Best PLB Comparison Table
Best PLB for Australia Reviews 2022
Main Types of Emergency Beacon
There are 3 types of emergency beacons available in Australia, these include
Knowing which one you require for your type of activities is crucial. In this article we will be focusing on the PLB (personal locator beacons)
PLBs, or personal locator beacons, are utilised by explorers and labourers in hazardous, remote areas.
Beyond 2 nautical miles from the coast, EPIRBs, or Emergency Position Indicating Radio Beacons, are employed in marine operations.
In aviation, ELTs, or Emergency Locator Transmitters, are utilised.
Similar to PLBs, explorers employ satellite messengers, which function on a separate, private network and enable texting in non-life-threatening circumstances.
What is a PLB?
When all other channels of contact have failed and you are in grave and imminent danger, a personal locator beacon should be utilised as a last resort.
When we refer to a severe danger, we indicate an immediate threat to life. Therefore, using a PLB is not necessary in the event of running out of gasoline or becoming lost on the route.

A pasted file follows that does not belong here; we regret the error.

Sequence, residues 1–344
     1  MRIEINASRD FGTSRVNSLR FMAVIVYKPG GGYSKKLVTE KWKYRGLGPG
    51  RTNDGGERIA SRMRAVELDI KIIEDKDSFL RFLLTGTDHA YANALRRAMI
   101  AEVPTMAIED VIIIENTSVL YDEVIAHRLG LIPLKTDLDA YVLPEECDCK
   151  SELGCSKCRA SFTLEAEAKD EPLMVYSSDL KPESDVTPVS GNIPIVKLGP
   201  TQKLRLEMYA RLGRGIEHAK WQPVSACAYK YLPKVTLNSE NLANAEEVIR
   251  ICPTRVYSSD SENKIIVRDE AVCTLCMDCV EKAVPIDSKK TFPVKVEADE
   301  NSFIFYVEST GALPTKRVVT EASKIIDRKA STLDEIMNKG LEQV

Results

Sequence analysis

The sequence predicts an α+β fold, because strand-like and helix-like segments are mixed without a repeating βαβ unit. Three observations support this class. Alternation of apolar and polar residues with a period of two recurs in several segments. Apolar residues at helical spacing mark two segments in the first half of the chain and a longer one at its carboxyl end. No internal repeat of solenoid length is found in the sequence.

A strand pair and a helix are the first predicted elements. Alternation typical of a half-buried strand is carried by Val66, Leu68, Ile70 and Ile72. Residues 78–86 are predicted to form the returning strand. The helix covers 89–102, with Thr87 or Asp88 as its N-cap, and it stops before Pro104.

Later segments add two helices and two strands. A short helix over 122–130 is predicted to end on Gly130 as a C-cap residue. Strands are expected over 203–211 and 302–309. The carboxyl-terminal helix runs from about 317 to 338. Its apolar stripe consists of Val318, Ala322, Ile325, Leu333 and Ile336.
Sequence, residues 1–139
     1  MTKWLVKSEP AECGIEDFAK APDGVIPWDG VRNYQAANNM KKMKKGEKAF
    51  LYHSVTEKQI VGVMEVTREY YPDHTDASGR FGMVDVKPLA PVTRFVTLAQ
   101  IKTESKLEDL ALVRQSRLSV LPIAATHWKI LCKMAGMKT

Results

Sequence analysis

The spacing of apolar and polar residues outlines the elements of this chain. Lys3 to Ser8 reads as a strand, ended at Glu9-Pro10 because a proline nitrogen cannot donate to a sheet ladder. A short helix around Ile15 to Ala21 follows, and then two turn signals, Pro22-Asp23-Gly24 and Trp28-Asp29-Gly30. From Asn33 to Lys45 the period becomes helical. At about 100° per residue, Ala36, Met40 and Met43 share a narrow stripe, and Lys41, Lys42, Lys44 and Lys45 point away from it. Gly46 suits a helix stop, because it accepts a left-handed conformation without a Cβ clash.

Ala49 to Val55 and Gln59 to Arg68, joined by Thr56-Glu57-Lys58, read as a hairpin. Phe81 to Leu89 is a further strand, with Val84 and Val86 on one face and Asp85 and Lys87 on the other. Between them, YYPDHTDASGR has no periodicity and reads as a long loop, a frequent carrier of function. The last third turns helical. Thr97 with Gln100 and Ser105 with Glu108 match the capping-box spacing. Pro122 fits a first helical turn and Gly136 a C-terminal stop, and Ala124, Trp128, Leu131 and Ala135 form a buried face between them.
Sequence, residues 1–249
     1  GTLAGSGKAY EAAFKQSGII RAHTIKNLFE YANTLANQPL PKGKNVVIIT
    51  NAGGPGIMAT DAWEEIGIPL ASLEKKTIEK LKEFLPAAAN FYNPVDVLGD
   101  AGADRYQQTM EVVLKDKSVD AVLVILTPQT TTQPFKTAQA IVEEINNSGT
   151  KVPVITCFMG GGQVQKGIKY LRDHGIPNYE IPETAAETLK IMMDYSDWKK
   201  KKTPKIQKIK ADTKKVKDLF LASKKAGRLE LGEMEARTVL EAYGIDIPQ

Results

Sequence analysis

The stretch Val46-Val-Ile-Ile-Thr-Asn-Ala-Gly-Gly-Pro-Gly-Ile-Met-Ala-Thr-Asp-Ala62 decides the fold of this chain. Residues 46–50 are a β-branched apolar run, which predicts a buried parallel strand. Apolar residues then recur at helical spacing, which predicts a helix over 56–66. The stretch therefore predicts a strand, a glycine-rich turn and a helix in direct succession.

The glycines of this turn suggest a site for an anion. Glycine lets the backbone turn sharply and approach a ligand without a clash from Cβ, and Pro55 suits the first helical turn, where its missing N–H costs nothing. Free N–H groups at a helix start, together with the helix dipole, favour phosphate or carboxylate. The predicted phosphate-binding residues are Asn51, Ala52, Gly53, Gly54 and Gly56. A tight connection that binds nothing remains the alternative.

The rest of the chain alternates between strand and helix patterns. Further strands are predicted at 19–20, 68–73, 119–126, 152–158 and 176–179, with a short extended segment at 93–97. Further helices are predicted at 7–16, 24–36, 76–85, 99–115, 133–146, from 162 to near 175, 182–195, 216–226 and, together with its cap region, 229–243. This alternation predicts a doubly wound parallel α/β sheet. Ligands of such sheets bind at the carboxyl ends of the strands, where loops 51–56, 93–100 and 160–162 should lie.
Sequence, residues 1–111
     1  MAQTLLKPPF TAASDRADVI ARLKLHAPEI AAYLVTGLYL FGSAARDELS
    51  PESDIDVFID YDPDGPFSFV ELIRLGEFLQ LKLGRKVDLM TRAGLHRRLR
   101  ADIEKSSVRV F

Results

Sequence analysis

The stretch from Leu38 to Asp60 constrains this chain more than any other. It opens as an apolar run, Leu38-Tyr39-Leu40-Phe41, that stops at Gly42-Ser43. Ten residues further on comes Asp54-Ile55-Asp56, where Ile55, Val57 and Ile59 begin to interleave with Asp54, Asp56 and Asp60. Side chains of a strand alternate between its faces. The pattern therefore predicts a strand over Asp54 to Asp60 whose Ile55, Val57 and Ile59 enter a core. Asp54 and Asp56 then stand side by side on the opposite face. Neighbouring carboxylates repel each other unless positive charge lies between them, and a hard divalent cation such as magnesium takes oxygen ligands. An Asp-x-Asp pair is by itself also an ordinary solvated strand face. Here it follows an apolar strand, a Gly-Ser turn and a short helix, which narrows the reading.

These days, the majority of these gadgets have GPS capabilities and may send an emergency distress signal to the appropriate rescue agency along with your GPS coordinates.
A PLB transmits a distress signal at a frequency of 406 MHz. This unique frequency connects to the COSPAS-SARSAT network of international military satellites and is only used for search and rescue activities. American, Russian, Canadian, and French satellites make up this network.
When you turn on your beacon, your GPS location and the specific beacon-related unique code are communicated by satellite to a rescue coordination centre, where they are shared with the nearby rescue agencies.
Older PLB devices used a frequency of 121.5 MHz, but satellites can no longer detect this, thus these models are no longer authorised for usage. With regard to this, the Ocean Signal RescueMe PLB1 is an exception.
How a PLB Works